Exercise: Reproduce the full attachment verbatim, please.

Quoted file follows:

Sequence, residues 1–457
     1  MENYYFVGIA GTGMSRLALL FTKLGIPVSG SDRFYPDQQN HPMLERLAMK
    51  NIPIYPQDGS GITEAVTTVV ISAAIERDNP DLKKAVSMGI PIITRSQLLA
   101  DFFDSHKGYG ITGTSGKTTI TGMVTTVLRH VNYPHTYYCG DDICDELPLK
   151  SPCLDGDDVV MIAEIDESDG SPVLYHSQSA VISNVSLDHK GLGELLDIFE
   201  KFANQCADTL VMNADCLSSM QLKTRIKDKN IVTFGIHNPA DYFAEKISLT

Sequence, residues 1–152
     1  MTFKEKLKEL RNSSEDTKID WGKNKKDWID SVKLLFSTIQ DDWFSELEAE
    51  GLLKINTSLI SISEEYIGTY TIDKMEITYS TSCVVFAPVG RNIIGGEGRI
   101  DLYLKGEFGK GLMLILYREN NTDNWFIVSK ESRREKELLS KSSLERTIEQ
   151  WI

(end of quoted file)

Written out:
Sequence, residues 1–457
     1  MENYYFVGIA GTGMSRLALL FTKLGIPVSG SDRFYPDQQN HPMLERLAMK
    51  NIPIYPQDGS GITEAVTTVV ISAAIERDNP DLKKAVSMGI PIITRSQLLA
   101  DFFDSHKGYG ITGTSGKTTI TGMVTTVLRH VNYPHTYYCG DDICDELPLK
   151  SPCLDGDDVV MIAEIDESDG SPVLYHSQSA VISNVSLDHK GLGELLDIFE
   201  KFANQCADTL VMNADCLSSM QLKTRIKDKN IVTFGIHNPA DYFAEKISLT

Sequence, residues 1–152
     1  MTFKEKLKEL RNSSEDTKID WGKNKKDWID SVKLLFSTIQ DDWFSELEAE
    51  GLLKINTSLI SISEEYIGTY TIDKMEITYS TSCVVFAPVG RNIIGGEGRI
   101  DLYLKGEFGK GLMLILYREN NTDNWFIVSK ESRREKELLS KSSLERTIEQ
   151  WI